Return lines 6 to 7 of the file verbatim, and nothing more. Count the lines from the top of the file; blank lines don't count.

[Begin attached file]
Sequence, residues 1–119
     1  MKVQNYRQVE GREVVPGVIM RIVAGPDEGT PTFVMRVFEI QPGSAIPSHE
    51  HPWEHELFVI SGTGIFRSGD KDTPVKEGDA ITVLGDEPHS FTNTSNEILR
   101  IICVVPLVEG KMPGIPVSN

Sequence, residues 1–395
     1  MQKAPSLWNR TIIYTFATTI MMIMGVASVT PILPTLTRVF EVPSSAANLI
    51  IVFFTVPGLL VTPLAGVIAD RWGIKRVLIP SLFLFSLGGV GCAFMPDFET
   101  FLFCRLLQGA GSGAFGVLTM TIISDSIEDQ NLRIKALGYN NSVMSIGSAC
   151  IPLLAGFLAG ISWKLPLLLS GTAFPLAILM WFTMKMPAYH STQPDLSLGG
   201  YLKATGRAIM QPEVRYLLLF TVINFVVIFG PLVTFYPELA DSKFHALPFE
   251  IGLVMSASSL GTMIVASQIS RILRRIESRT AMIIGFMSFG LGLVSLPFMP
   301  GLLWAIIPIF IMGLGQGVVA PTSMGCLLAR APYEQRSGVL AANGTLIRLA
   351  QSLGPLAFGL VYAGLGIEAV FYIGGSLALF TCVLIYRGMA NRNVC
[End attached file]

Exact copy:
     1  MQKAPSLWNR TIIYTFATTI MMIMGVASVT PILPTLTRVF EVPSSAANLI
    51  IVFFTVPGLL VTPLAGVIAD RWGIKRVLIP SLFLFSLGGV GCAFMPDFET